Last updated October 15, 2021

Winter Storm Goliath 2015

United States

Winter storm Goliath dumped 9-10 inches of rain in a belt across the central United States, centered just southwest of St. Louis, most of it in a three-day downpour. Later analysis found that human-caused warming increased the likelihood of extreme precipitation in Missouri during this event.[1]

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Greenhouse Gas Emissions
Global Warming
Air Mass Temperature Increase
Atmospheric Moisture Increase
Extreme Precipitation Increase
Winter Storm Risk Increase
Winter Storm Goliath 2015

Record flooding and snowfall contribute to wettest December on record, signaling possible warming influence

Winter storm Goliath hit the Southern Plains on December 26 through 28 leaving in its wake record snowfall in parts of Texas, power outages from ice accumulations of over one inch in parts of Oklahoma, and freezing rain and sleet in Kansas. Record flooding occurred throughout the Southern Plains making December 2015 the wettest on record for most of the region. It’s been estimated that over 40 people were killed by this storm (many coming from the Southern Plains region), making it the deadliest weather system recorded in 2015. The storm spawned 24 tornadoes, numerous flooding events, and left hundreds of thousands without power.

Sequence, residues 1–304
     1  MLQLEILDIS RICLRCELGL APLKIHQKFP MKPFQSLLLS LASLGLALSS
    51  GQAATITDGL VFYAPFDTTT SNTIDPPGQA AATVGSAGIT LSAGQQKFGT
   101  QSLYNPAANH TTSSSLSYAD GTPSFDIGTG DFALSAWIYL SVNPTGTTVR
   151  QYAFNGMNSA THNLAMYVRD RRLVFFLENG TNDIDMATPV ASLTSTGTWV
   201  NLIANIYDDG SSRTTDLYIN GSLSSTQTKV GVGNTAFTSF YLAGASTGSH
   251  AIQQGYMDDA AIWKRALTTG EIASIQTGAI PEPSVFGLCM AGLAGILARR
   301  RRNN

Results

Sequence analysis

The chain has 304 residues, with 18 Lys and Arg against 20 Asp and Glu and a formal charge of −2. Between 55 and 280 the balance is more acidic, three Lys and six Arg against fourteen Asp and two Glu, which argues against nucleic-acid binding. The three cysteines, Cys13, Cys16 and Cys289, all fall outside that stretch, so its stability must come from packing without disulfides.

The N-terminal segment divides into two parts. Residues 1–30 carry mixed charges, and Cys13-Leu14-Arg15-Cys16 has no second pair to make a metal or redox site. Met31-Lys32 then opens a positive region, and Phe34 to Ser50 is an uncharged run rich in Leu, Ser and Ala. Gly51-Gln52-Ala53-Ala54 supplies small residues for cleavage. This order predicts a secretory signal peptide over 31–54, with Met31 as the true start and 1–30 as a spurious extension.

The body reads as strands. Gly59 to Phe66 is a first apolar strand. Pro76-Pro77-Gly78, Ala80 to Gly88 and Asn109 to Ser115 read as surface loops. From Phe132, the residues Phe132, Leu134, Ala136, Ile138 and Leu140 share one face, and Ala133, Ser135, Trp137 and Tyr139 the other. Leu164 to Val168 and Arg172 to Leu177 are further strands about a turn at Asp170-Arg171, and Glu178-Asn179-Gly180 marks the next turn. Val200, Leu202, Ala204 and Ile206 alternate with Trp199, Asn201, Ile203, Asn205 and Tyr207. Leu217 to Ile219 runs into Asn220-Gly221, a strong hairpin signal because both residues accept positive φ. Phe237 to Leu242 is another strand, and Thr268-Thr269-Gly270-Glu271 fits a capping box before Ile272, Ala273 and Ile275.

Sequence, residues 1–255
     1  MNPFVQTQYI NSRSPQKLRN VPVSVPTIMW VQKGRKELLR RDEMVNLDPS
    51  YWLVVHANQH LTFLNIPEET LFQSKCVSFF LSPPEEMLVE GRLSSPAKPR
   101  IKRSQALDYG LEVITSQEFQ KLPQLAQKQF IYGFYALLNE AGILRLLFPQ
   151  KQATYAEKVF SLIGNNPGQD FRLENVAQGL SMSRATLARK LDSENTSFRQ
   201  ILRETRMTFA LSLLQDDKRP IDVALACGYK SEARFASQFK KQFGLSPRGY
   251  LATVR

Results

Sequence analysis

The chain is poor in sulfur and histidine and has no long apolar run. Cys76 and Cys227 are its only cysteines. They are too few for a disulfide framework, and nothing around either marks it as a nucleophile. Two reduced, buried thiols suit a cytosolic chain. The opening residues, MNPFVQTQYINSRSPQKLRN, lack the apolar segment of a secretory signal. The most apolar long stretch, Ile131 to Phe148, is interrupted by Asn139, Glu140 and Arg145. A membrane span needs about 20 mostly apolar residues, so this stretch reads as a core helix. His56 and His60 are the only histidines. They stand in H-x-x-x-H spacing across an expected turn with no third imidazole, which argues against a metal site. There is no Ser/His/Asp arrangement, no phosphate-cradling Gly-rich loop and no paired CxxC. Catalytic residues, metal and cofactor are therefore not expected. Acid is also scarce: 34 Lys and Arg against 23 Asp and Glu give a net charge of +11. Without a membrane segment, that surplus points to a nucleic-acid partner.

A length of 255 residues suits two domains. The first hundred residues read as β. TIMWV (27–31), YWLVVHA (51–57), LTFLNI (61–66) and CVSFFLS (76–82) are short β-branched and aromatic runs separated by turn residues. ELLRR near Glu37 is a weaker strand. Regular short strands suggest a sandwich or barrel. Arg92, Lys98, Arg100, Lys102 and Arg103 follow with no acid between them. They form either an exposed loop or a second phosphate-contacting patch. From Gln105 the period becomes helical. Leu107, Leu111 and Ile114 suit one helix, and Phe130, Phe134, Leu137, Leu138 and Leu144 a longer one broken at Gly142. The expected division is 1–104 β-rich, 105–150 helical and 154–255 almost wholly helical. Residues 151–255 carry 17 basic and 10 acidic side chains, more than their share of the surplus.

The storm was likely supercharged by running through an atmosphere made wetter by climate change.[1] Climate change contributes to increased flooding because warmer air holds more water, leading to stronger and more frequent precipitation events. Extreme weather records tend to be broken when natural variability happens to run in the same direction as climate change, as here.

Goliath causes huge agricultural losses

Over 30 thousand dairy cattle and 12 thousand beef cattle were killed in Texas alone.[2] The effects from these and other losses will have long ranging impacts not just for producers, but also consumers as the loss of these animals combined with reduced productivity from the remaining herd shows up in the meat and dairy sections of your local supermarket.